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MediaTek chip company signs up for satellite messaging for phones

Bullitt woman on phone.jpg

A company that sells rugged phones says it is planning a device that will be able to send and receive messages via satellite.

The Bullitt Group has partnered with chip company MediaTek, to launch what it calls “the world’s first smartphone to include two-way satellite messaging technology” – though this is becoming a highly competitive market.

The phone and the satellite service will be commercially available in the first quarter of 2023, says Bullitt, with 12 months of free satellite SOS messaging.

This means it is competing with T-Mobile US, controlled by Deutsche Telekom, and SpaceX’s Starlink, which in August announced a plan for messaging from space.

That was just days after Nokia revealed itself as the cellular technology partner of wholesale satellite operator AST SpaceMobile, which is working with Globe Telecom, Vodafone and others, to develop satellite services to standard mobile phones.

Also in July, Ericsson said it was working with Qualcomm and Thales to develop satellite-based mobile phone services.

The latest entrant, Bullitt, said it and MediaTek have worked together over the last 18 months to enable the addition of direct to satellite communication in the next generation of Bullitt-designed 5G smartphones.

Bullitt specialises in making rugged phones with the Caterpillar and Motorola brands.

Bullitt co-founder Richard Wharton said: “Over 13 years, we have developed a deep understanding of our customers who, due to the nature of their lifestyle or job, often find themselves in the great outdoors and frequently on the fringes of cellular coverage.”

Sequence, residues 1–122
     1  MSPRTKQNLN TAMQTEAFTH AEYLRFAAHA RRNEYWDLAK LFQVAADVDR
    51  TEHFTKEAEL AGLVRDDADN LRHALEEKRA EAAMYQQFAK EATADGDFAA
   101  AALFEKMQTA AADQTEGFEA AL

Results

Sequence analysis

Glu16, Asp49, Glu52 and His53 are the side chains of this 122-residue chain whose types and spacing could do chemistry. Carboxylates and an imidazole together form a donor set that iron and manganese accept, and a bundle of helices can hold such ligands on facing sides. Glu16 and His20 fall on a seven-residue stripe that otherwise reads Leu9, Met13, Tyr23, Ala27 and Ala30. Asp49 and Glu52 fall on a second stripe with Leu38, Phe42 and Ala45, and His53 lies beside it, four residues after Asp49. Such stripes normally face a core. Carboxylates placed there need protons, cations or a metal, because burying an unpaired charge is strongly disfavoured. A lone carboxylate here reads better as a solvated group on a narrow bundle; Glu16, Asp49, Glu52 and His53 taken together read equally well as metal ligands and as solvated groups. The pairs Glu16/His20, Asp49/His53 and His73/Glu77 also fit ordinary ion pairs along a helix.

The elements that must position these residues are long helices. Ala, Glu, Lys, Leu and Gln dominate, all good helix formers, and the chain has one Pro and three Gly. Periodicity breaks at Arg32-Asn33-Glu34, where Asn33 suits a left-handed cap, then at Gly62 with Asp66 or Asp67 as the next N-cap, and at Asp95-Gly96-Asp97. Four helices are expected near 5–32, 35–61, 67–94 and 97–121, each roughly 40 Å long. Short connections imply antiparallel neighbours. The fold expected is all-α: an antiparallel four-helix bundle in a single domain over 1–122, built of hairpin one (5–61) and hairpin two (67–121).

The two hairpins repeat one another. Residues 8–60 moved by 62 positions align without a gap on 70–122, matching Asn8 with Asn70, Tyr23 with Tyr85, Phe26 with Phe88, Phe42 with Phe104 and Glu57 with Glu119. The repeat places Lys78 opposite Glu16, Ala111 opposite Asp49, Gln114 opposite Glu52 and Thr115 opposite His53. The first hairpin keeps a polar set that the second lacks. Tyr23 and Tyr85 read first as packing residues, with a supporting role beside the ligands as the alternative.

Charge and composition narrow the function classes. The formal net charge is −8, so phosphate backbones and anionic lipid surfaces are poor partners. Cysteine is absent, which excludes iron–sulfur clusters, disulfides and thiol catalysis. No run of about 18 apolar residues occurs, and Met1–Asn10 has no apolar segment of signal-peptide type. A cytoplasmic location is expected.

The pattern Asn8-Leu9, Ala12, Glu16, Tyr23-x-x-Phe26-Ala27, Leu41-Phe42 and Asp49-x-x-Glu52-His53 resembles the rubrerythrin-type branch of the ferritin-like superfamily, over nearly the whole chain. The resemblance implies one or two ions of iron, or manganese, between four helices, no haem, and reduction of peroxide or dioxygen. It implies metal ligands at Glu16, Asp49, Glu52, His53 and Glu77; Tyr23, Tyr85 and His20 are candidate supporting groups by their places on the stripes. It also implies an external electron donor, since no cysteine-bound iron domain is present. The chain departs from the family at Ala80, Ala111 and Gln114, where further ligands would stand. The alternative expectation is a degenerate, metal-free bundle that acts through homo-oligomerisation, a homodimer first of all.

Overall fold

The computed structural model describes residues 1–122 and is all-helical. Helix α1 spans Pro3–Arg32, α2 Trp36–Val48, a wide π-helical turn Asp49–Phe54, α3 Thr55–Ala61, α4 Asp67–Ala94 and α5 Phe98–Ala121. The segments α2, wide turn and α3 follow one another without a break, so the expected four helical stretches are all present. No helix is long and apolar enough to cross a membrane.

UK-based Bullitt said it is the first to use MediaTek’s 3GPP non-terrestrial network (NTN) chipset. The project uses proprietary software and service components to provide the over-the-top (OTT) satellite messaging service.

At Taiwan-based MediaTek, corporate VP JC Hsu said: “The 3GPP NTN effort advocates allowing device manufacturers access to satellite connectivity. We are very proud of having created the two-way satellite messaging technology used in this first commercially available phone and for being the pioneers in creating the ecosystem based on 3GPP NTN standards for satellite communication.”

Wharton said: “We have known for a long time that the answer was in satellite but an invisible and seamless integration into a smartphone creates enormous technical challenges.” He added: “Americans alone lose cell coverage for over 22 billion hours annually.”